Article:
Frank Lovece (1956-2018)
Around 37 years ago, when I first encountered Frank Lovece in the Melbourne music scene, I was intimidated by what seemed his fierce, hardcore punk intellectualism. I seemed, just then, to be on the other side of some imaginary culture-fence. Frank and his loyal, lifetime friends – Marcus Bergner, Michael Buckley, and his wonderful partner Marisa Stirpe, who later comprised with him the great sound-poetry group Arf Arf – didn’t like anything too slick, too professional, too official, too pop. At the very start, I was probably tainted with that association in their eyes.
In time, I (happily for me) came to earn some respect from them all – for, as Frank wrote to me in an email of 2016, my “great love for film”. That was a real compliment, coming from him. Frank made, or co-made, a bunch of short films, and I remember vividly and fondly his 16mm. short Te possino ammazza (1987), and what he said about it that, in that moment, taught me something crucial about the art of mise en scène in cinema: “When you set up a frame with the camera, and get people to move through it, that’s already a choreography …”.
Mainly, though, Frank was a fine-grained, chiselling (in the Letterist sense), montage guy, setting atoms of frequently murky imagery (frames, often drawn or animated) against particles of acoustic sound. The most achieved example of this life long quest in Frank’s art was the wonderful, collective film by Arf Arf, Thread of Voice (1993).
Frank was one of the most “cultured” people I’ve ever known, and I mean that in an entirely unique, individualised way. Somehow, he knew about certain poets, thinkers, avant-garde filmmakers literally decades before other people did – he even knew some of them personally, like Gianfranco Baruchello, whose work (like the book Why Duchamp) became so important for me.
I remember Frank telling me, in his quiet, strong, obsessed voice, sitting outside the State Library where he long worked (I imagine him among the closed stacks there, finding the most obscure and wondrous books), about his reading of the philosophy of Jean-Luc Marion – years before I came upon that name in other contexts.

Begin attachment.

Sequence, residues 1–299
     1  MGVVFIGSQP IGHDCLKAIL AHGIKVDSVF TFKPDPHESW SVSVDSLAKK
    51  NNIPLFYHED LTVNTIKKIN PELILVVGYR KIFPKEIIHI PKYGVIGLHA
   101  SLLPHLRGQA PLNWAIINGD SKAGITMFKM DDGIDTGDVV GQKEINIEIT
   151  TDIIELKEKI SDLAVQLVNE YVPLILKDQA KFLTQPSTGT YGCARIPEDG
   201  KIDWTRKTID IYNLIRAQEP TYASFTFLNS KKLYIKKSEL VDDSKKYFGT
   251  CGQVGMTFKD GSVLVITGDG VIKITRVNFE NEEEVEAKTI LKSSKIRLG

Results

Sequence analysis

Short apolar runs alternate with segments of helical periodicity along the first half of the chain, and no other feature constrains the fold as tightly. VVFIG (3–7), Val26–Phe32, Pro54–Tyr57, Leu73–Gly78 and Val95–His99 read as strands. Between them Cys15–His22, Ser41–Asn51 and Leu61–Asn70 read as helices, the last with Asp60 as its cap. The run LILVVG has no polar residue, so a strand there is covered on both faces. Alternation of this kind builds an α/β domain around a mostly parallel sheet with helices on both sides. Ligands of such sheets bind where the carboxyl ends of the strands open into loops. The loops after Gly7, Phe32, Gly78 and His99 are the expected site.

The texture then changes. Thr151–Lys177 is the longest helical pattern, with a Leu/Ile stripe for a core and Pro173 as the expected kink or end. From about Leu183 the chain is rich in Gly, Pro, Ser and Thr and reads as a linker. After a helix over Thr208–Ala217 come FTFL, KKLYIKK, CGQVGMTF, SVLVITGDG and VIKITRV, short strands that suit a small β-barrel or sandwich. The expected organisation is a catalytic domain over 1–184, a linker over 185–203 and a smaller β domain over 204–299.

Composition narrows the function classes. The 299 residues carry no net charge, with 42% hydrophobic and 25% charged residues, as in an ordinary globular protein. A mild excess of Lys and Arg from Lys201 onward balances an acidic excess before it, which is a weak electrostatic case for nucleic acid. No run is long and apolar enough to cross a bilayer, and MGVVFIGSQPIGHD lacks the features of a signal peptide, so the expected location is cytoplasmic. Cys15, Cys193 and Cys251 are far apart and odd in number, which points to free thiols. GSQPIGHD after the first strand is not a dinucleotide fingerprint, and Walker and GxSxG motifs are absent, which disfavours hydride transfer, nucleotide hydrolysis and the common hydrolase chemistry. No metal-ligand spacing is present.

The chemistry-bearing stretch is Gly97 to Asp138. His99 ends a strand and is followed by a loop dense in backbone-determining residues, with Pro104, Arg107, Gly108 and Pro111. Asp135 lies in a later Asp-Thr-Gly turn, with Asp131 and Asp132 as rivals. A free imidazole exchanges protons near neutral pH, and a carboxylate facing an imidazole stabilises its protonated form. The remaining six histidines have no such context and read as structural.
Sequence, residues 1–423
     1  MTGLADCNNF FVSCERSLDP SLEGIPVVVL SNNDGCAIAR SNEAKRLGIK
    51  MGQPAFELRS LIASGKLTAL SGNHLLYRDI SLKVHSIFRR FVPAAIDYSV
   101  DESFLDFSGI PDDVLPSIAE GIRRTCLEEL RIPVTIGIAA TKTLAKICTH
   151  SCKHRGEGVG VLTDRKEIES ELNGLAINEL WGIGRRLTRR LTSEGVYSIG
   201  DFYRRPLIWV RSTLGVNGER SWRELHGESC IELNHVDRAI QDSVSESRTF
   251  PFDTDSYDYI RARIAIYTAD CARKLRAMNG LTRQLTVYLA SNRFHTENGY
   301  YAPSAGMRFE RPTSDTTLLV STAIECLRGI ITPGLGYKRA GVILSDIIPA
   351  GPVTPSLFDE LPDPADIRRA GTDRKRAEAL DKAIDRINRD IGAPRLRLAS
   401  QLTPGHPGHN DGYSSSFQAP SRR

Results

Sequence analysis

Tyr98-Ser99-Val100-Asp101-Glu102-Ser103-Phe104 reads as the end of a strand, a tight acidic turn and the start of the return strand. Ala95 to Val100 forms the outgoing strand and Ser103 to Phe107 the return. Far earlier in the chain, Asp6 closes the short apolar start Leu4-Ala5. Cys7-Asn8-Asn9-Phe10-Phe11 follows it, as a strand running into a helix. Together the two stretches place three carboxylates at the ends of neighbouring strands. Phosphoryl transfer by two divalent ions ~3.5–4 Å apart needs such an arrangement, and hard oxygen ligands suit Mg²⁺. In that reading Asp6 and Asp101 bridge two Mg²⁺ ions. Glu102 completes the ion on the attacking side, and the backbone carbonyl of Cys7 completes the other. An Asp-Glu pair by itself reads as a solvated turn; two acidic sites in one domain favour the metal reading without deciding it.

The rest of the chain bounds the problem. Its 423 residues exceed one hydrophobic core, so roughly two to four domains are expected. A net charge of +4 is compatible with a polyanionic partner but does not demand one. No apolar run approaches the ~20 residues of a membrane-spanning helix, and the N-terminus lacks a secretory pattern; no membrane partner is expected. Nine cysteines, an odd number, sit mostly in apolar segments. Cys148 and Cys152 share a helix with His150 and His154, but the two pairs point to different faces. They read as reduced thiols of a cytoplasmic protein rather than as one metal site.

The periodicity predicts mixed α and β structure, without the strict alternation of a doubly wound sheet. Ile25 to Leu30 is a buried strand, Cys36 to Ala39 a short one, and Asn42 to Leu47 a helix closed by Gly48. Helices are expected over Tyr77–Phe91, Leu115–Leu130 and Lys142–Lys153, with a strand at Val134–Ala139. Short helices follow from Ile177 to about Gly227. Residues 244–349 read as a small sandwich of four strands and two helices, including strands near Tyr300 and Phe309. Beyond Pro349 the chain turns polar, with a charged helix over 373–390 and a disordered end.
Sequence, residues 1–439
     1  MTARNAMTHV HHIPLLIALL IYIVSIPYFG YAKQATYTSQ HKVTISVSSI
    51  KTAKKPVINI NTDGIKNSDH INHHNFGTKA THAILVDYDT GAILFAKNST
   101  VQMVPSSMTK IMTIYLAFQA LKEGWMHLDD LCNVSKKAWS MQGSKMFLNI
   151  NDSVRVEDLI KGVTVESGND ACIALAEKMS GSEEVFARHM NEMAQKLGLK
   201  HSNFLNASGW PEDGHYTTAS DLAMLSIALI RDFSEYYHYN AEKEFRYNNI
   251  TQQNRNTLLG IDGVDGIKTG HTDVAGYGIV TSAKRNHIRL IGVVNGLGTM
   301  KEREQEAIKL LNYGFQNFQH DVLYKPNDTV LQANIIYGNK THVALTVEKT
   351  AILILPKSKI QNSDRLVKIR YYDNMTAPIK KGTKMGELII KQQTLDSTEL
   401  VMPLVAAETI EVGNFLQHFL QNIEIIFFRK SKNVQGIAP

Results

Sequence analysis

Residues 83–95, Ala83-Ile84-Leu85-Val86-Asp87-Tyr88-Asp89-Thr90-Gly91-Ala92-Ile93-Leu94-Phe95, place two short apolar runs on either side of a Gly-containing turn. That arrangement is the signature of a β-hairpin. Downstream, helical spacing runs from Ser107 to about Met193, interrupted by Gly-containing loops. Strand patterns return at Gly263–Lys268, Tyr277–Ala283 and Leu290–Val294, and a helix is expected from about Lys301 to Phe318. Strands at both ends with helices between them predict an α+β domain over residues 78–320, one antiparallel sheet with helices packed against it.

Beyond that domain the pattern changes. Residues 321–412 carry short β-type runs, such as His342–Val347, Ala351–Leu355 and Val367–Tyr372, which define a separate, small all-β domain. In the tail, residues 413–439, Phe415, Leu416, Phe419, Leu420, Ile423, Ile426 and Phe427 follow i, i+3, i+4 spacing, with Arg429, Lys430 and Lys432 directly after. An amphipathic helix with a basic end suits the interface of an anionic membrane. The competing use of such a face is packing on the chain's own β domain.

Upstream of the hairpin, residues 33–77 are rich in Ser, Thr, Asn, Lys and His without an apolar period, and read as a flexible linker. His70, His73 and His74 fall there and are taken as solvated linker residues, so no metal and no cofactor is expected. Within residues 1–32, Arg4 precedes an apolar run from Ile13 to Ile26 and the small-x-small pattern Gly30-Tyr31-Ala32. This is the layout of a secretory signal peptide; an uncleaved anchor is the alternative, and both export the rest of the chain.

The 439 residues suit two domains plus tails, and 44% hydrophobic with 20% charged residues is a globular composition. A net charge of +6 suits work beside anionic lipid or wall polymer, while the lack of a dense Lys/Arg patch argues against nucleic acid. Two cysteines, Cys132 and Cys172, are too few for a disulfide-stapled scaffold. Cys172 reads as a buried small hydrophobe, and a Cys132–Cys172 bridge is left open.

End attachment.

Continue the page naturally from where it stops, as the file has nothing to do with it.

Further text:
I also recall how another close friend of Frank's, Stuart Grant, once made valiant attempts (recruiting me for the persuasion process) to help get Frank into Monash University's PhD-by-art-research program, based on everything he had done in his life as a creator – but that just didn't fly within the academy. Frank's particular "culture", indeed his genius, was clearly beyond the university system.
Happier memories: I had the pleasure of seeing Frank perform live many times. In the early '80s, with D-Rays (their song “Jenny”, collected on a Fast Forward cassette-magazine published by Bruce Milne, is an absolute classic, and I remember its lyrics printed as a poem in a little zine of the same era called Dag Mag); over several decades with Arf Arf (some of their best performance work immortalised in Thread of Voice); and finally for me in 2012, just before I left Australia, with the re-formed Primitive Calculators, alongside Stuart and other original members from the early ‘80s: I shall never forget the power of Frank, sitting behind his laptop, rhythmically punching the chant “No! No! No!” into his microphone. What a gesture!
Frank was always smiling and joking – at least, in my passing encounters with him – but sometimes his jokes had a sudden, hard edge. I remember in relation to D-Rays, I asked him to describe to me what kind of music it was they were making. Stupid question! Frank strung me along, listing a string of bands: “As I like to ask people: you know The Fall?”, and I nodded “Yes” enthusiastically all the way down that line – until he produced his well-groomed punchline: “Well, our aim is to sound nothing like any of them!”
I also recall his disdain, expressed to me in the late ‘80s, for my friend and ally Philip Brophy’s “long short” Salt, Salivia, Sperm and Sweat (1988): “I thought it would be like Artaud, with shit and piss and stuff, the complete grotesque, but …” – he sighed wearily through clenched teeth, and it was a direct flashback to his anti-pop sentiment of 1981.
It seemed to me that Frank was always thinking, creating, working away on all sorts of things, and the fragility of this struck me often: ever since 2003 he had promised me some multi-media contribution for Rouge and later LOLA magazines, but it was always a matter of something as–yet-unfinished (by his standards) that was scribbled (prose, poetry or pictorial) on a piece of paper, or recorded on cassette, or caught by chance with a video camera.
So there are few “monuments” to Frank’s art around to consult right now – he truly embraced what he called “incidental art”, things that were spontaneous, fleeting, ephemeral … and thus better absorbed into the flow of daily living.
Frank was in contact with me about new works – by him, or his friends – but he wasn’t the kind of person who would pop a DVD in the post or send a Vimeo link; it was, much better and more apt, a matter of you being in his town, his vicinity, so that you could sit down and watch it with him, and have (as he would say) a good “natter” or “chatter” about whatever thoughts it gave rise to.
Frank, I’ve still got your voice – talking, reciting, singing, shouting, growling – in my head, and I’ll do my best to keep up my end of the chatter.
© Adrian Martin January 2018.